The Letter to the Hebrews was written for a second generation of Christians sometime between the persecution of Nero in 64 AD and the persecution of Domitian about 85 AD. It was likely written around 80 AD. There is a reference to some of the community's leaders who were martyred in past times (Heb. 13:7). The present community had not yet suffered persecution and martyrdom since the author states: "you have not yet resisted to the point of shedding your blood" (Heb. 12:4). The Letter points, however, to the risk of persecution about to come.
We do not know who the author is. Origen, the first great biblical scholar, who lived between 185-254, remarked: "who wrote the Letter to the Hebrews only God knows for certain."
What Christian community does the Letter address? We do not really know for sure. We do know, however, that it was written to a well-established church (Heb. 5:12) which had suffered persecution some time in the past (Heb. 10:32-34). It was written to a church not founded by the Apostles (Heb. 2:3). It was possibly written to Hebrew Christians in Italy. The most direct hint is from Heb. 13:24: "Those who come from Italy send you greetings." Another translation says: "Greetings to you from our Italian friends" (REV).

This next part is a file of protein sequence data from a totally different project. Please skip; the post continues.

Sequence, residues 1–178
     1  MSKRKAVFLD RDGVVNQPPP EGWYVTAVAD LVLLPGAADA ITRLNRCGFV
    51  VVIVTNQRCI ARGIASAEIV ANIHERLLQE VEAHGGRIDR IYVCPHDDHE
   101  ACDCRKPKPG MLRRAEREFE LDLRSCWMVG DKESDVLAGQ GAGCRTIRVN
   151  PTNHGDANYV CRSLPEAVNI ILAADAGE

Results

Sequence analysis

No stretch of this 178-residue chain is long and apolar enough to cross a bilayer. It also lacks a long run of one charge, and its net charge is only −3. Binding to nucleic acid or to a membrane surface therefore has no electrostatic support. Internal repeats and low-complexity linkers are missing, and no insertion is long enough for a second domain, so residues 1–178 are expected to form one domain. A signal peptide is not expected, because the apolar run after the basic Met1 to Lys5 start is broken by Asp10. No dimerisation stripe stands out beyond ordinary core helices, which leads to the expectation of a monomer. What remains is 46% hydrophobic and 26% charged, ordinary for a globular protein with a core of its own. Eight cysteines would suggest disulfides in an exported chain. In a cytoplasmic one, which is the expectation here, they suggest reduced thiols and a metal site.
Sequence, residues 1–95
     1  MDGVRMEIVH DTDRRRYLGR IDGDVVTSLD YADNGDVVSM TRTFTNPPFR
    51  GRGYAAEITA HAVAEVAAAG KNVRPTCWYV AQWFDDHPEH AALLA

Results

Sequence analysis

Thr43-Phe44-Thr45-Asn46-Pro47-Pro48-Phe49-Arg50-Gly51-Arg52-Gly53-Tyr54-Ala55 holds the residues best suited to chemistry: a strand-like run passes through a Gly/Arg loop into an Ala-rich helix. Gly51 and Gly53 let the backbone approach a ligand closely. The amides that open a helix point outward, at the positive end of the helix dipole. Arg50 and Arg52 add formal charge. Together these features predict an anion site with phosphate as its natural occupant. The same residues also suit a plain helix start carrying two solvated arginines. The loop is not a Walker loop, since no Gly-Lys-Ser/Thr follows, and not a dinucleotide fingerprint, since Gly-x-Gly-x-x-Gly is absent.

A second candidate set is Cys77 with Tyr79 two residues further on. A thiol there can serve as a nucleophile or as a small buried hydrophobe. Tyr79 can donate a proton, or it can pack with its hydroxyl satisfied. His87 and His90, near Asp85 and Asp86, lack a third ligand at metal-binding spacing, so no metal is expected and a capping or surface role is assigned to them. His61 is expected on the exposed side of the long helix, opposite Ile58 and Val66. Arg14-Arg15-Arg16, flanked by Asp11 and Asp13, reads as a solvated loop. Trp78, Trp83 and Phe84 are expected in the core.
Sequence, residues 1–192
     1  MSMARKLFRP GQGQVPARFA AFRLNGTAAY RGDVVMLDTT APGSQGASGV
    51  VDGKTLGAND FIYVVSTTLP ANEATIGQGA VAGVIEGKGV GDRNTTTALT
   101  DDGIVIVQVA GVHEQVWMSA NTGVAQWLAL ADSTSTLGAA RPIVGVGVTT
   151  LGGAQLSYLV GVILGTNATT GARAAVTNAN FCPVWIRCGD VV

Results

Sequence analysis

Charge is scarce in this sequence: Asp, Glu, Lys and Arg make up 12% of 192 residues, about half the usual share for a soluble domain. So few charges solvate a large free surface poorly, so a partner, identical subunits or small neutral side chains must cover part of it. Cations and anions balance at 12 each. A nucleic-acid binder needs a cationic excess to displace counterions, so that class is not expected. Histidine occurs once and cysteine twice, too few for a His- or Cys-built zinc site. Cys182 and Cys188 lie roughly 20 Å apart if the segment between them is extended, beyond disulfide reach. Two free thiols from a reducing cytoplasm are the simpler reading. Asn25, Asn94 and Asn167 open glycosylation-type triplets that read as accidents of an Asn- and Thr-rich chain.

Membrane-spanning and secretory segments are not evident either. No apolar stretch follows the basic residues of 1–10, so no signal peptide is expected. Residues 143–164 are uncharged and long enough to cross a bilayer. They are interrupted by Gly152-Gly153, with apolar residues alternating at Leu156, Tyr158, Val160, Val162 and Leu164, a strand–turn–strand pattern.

The Letter was likely intended for a scholarly group of Christians who were well versed in the knowledge of the Old Testament. It may have been directed to a group of Christians who were preparing to become teachers (Heb. 5:12). The author of this letter writes as a teacher who has been separated from this group and is concerned about their drifting away from the faith. The author calls his letter "a word of exhortation" (Heb. 13:22).
What can we learn from this Letter? "We have confidence to draw near to the throne of God." We, too, live in age of spiritual conflict and struggle, when many Christians drift from their faith. Our faith must be strengthened in the knowledge of what the Lord Jesus has accomplished for us. The Lord Jesus has removed the barriers and opened the door to the living presence of God. We now have access to God. This is the idea that dominates the Letter to the Hebrews. As you read this Letter and meditate on its truth, allow the Holy Spirit to give you understanding and insight into the great mystery of our faith.
From age to age, the prophets, under the inspiration of the Holy Spirit, spoke the word of God. Now God has spoken to us through his only begotten Son. Jesus Christ alone brings to us the full revelation of God and he alone enables us to enter into the very presence of God.